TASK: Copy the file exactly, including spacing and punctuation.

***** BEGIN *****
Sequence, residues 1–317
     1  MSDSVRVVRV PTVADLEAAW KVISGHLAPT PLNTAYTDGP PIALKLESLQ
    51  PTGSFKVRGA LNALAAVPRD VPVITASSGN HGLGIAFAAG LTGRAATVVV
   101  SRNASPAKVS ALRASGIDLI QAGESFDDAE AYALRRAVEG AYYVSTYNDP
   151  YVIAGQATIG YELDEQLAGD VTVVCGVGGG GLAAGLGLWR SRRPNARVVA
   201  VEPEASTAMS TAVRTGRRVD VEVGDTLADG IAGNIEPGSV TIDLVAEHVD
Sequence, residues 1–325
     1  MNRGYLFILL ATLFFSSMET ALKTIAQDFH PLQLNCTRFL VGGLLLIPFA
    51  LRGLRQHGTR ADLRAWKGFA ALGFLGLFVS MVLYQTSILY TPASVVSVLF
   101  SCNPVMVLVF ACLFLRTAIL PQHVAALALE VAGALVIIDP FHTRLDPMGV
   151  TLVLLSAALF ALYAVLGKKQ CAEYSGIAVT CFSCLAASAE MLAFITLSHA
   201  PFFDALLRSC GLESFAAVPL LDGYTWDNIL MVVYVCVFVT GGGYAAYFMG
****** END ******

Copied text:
Sequence, residues 1–317
     1  MSDSVRVVRV PTVADLEAAW KVISGHLAPT PLNTAYTDGP PIALKLESLQ
    51  PTGSFKVRGA LNALAAVPRD VPVITASSGN HGLGIAFAAG LTGRAATVVV
   101  SRNASPAKVS ALRASGIDLI QAGESFDDAE AYALRRAVEG AYYVSTYNDP
   151  YVIAGQATIG YELDEQLAGD VTVVCGVGGG GLAAGLGLWR SRRPNARVVA
   201  VEPEASTAMS TAVRTGRRVD VEVGDTLADG IAGNIEPGSV TIDLVAEHVD
Sequence, residues 1–325
     1  MNRGYLFILL ATLFFSSMET ALKTIAQDFH PLQLNCTRFL VGGLLLIPFA
    51  LRGLRQHGTR ADLRAWKGFA ALGFLGLFVS MVLYQTSILY TPASVVSVLF
   101  SCNPVMVLVF ACLFLRTAIL PQHVAALALE VAGALVIIDP FHTRLDPMGV
   151  TLVLLSAALF ALYAVLGKKQ CAEYSGIAVT CFSCLAASAE MLAFITLSHA
   201  PFFDALLRSC GLESFAAVPL LDGYTWDNIL MVVYVCVFVT GGGYAAYFMG